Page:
Academic journal article College Student Journal

Special Places for Students: Third Place and Restorative Place

Academic journal article College Student Journal

Special Places for Students: Third Place and Restorative Place

Article excerpt

The purpose of this article is to understand from a student perspective the special places of third place and restorative place. Where do students, the users of these spaces, locate them, what kind of places are they, how do they use them, and how often do they use them. To answer these questions, a structured autoethnography qualitative research design was employed. The students' responses to the structured field notes were analyzed using the method of constant comparison to answer the foregoing questions. The results are discussed in relation to the significance for the growth and well-being of students and their importance to the health and future of university and college campuses.

Concept of Place and the College Campus

Sense of place is often described as the emotional attachment to a particular geographical/physical space. In addition to general exploration of this concept (Hiss, 1990; Gallagher, 1993) academic writers and researchers have also focused on the concept of sense of place. (Hubbard, Kitchin & Valentine, 2004; Proshansky, Fabian, & Kaminoff, 1983; Tuan, 1994). A direct application of the sense of place concept to the campus environment has also been explored (Bott, Banning, Wells, Hass, & Lakey, 2006; Demonica & Oguerk, 2002; Kenney, Dumont & Kenney, 2005; Reeve & Kassabaum, 1997; and Sturner, 1992). These studies have related the sense of place to the general campus ecology and suggested that the concept plays an important role in making the campus more attractive for prospective students, contributing to higher retention rates once enrolled, and increasing institutional giving by alumni (Reeve & Kassabaum, 1997). In addition to the concept of sense of place, two additional place concepts have meaning for student life as well--third place and restorative place.

Third Place

The concept of third place was coined and developed by sociologist Ray Oldenburg (Oldenburg 1997, 1998,2001). The definition of third place is that place outside of home and work that serves as a place to find comfort, retreat, and community. Oldenburg (2001) gives the following explanation: "... third place," a setting beyond home and work ... in which people relax in good company and do so on a regular basis. "... is their version of the once popular television series Cheers" p. 2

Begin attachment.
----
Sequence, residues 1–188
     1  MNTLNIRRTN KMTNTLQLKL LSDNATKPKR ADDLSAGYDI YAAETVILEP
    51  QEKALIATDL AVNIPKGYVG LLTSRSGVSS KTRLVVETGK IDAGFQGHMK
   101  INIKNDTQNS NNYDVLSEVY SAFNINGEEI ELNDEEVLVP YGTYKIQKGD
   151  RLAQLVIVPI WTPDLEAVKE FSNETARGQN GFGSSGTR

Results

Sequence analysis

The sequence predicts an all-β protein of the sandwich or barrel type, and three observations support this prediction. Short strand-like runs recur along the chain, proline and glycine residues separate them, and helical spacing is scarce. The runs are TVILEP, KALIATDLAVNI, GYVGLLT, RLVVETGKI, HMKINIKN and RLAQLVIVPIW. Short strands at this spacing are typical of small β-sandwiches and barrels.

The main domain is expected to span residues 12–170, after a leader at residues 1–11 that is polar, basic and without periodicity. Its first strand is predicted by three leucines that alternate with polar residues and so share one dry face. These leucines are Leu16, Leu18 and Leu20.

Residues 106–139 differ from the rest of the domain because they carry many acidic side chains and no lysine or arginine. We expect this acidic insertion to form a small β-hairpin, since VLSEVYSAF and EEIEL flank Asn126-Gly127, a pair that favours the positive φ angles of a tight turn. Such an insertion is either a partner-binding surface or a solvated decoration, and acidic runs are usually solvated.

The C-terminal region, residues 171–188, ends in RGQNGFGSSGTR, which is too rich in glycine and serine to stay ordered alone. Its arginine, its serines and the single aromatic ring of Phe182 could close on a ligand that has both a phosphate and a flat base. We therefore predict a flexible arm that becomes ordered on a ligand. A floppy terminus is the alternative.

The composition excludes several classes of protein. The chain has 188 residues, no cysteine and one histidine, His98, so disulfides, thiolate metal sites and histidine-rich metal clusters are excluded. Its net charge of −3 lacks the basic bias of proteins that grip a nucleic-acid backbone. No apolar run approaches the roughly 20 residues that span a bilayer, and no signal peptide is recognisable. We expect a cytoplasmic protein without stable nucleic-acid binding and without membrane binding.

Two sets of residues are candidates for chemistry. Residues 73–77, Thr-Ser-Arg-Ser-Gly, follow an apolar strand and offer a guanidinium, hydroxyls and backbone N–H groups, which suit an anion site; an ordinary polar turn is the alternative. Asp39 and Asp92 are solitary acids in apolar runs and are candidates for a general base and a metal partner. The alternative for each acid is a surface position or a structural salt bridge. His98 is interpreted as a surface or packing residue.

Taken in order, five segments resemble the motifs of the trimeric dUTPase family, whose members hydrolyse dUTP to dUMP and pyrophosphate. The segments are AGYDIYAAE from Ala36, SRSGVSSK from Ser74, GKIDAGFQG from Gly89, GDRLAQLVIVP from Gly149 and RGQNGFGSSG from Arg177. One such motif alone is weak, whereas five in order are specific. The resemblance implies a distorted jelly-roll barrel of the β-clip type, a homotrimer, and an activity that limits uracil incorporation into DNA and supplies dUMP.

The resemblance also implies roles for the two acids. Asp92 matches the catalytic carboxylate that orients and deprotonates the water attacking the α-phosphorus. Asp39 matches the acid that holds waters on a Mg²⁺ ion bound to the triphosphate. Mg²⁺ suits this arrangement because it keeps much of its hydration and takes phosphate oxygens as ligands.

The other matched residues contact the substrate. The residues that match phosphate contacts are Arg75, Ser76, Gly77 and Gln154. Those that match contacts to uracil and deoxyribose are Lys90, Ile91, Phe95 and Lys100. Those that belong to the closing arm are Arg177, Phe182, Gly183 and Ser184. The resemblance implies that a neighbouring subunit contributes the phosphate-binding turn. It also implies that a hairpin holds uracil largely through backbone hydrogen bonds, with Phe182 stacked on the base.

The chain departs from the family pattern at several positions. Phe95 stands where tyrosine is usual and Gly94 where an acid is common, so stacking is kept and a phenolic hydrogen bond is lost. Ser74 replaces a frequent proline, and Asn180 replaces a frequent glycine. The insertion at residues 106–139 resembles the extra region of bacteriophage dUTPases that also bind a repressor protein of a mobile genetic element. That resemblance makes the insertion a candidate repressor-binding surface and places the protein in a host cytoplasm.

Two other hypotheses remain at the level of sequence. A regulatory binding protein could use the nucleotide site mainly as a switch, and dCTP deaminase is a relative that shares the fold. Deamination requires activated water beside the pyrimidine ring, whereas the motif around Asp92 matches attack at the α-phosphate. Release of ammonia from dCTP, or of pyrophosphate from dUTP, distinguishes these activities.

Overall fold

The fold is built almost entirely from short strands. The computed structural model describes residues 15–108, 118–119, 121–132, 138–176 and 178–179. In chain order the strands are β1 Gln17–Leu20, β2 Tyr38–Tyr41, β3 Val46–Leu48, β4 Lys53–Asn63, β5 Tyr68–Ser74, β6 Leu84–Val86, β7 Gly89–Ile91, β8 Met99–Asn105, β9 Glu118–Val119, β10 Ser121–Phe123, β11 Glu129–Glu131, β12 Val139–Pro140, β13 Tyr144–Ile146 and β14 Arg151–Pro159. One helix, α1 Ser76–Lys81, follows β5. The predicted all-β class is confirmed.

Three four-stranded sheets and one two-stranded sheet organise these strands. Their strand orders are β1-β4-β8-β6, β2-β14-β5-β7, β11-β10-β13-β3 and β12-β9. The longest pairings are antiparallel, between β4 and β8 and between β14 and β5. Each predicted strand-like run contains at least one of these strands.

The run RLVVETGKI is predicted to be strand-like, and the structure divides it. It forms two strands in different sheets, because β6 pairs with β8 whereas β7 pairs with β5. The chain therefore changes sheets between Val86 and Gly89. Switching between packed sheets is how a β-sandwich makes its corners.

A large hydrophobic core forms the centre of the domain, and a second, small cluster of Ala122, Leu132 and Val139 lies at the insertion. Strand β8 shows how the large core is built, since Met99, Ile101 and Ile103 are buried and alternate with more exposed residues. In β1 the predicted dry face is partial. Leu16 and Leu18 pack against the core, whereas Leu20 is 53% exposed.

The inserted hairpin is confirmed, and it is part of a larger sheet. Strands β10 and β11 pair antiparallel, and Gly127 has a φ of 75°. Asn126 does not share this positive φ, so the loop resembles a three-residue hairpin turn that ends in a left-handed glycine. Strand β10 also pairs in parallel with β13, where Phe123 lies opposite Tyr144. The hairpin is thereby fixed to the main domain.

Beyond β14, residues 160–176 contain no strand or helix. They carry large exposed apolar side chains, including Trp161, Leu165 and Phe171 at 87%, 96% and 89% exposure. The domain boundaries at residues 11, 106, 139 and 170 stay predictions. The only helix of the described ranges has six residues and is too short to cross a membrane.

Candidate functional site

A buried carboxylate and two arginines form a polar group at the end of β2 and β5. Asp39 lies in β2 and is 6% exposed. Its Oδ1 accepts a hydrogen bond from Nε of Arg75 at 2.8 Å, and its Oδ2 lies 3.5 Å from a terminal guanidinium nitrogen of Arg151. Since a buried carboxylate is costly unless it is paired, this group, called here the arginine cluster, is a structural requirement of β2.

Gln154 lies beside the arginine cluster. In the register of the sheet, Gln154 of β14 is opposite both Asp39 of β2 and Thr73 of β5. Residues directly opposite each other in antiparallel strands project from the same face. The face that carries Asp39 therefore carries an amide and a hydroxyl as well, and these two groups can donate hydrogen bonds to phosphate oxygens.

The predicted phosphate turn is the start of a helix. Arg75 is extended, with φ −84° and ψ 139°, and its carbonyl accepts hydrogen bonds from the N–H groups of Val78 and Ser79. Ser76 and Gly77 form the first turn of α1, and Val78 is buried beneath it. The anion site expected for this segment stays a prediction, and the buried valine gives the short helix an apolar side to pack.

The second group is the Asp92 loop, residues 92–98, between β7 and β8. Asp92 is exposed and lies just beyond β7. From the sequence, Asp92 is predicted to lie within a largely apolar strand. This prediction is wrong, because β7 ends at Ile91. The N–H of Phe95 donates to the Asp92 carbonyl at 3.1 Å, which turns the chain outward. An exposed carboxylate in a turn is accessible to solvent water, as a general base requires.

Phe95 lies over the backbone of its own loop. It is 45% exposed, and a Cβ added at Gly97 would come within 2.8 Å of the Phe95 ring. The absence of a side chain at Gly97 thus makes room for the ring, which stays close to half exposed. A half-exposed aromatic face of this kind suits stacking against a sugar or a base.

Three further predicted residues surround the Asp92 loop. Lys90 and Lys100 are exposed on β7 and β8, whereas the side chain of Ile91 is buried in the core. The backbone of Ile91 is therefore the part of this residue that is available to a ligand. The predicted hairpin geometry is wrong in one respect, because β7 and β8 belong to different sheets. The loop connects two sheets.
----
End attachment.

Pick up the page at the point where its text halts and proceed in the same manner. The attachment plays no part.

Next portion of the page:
Oldenburg (1997) also discusses the application of this concept to college and university environments. Specifically he notes its importance as a place to bring students together for forming community (Santassiero, 2002). The purpose of this study is to view third place not from a conceptual perspective, but from the student's perspective and use. Where do students, the users of third places, locate them, what kind of places are they, how do they use them, and how often do they use them. In addition to third place, this study also addresses restorative places.

Restorative Places

Restorative environments are places to relax, rest, recuperate, unwind, and feel safe. They are places that offset the effects of mental fatigue (Kaplan, Kaplan, & Ryan 1998). The elements of restorative places are also outlined by Kaplan, Kaplan, & Ryan, 1998) as follows: (a) being away need a place other than the source of the fatigue; (b) extent--a place that is different, whole, has coherence; (c) fascination--a place that relates to thinking, doing, wondering, figuring out things, predicting and recognizing; (d) compatibility--a place that is a good fit to one's inclinations. The implication for designing the campus environment is evident. Almost all campus designs have some focus on restoration, but again this concept would be enhanced by knowing how students view restorative space Again, the purpose of this article is to report on a series of studies that were designed to answer the question: Where do students, the users of third place and restorative place, locate them, what kind of places are they, how do they use them, and how often do they use them? …

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